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Europe Needs Growth to Avoid Another Recession
World Economy

Europe Needs Growth to Avoid Another Recession

The euro zone's struggle to avoid another recession will take center stage in the coming week in the absence of major US data, as investors mull whether the ECB's new asset-buying plan is a prelude to even more radical steps.
While data from China may give clarity on a pattern of uneven growth there, it is in Europe that the prospects for the economy are most uncertain, although a ceasefire in Ukraine could lift the mood and avoid new EU sanctions on Russia this week, Reuters reported.
The euro zone's fragile economic recovery came to a halt in the second quarter, in marked contrast to the United States, where the economy grew robustly. Like many of its neighbors struggling to rebound from the debt crisis, Italy slipped into recession for the third time since 2008.
EU finance ministers and European Central Bank President Mario Draghi will convene on Friday in Milan, where the ECB's latest move to help the economy and avoid deflation will be at the forefront of discussions.
The ECB stunned markets last week by cutting interest rates and announcing a plan to buy asset-backed securities from October, which Barclays described "as a clear first step into quantitative easing" - a US-style bond-buying program that could help the economy but divides the central bank.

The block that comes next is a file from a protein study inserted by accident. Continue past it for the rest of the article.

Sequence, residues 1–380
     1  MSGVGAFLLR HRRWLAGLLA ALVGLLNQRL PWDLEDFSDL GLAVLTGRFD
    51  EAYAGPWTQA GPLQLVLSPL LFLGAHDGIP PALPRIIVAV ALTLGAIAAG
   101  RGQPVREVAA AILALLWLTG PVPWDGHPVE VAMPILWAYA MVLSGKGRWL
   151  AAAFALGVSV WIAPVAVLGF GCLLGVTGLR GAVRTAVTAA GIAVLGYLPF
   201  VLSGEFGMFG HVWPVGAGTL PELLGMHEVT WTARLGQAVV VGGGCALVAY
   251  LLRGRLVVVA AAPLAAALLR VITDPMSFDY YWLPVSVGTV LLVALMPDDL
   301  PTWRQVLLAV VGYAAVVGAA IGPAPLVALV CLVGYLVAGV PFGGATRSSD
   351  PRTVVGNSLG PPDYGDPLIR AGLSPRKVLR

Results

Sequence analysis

Draghi said his aim was to expand the bank's balance sheet back to the heights reached in early 2012, which equates to a rise of around 50 percent or 1 trillion euros in new assets.
"There's now a 50-50 chance that the ECB will go further and announce a sovereign bond-buying program by year-end, or the beginning of 2015," he said.
Under its statutes, the ECB is banned from buying bonds directly from governments but can find ways to purchase them from banks, for example, on the secondary market.
An inflation rate of just 0.3 percent, coupled with the lack of economic growth, has given new urgency to the bloc's search for growth. The ECB is urging governments to also do their part and enact ambitious structural reforms.

Uneven Chinese Expansion
In Asia, the central banks of South Korea, Indonesia and the Philippines hold monetary policy meetings this week.
The People's Bank of China has so far refrained from cutting interest rates, preferring instead to ease liquidity for some banks to free funds for lending. Beijing in turn has tried to ease conditions in the property market.
Activity in China's vast factory sector cooled in August as foreign and domestic demand slowed, spurring new calls for more policy easing to prevent the economy from stumbling once more.
But China's services sector rebounded in August after a drop in July, offsetting factory-sector weakness and letting the government stick with its policy stance.
"The economic expansion is quite uneven, as exports accelerate, investment slows, and the real estate correction intensifies, but on balance, headline real GDP growth is probably a bit faster to the third quarter," said Bill Adams, an economist at PNC Financial Services Group.

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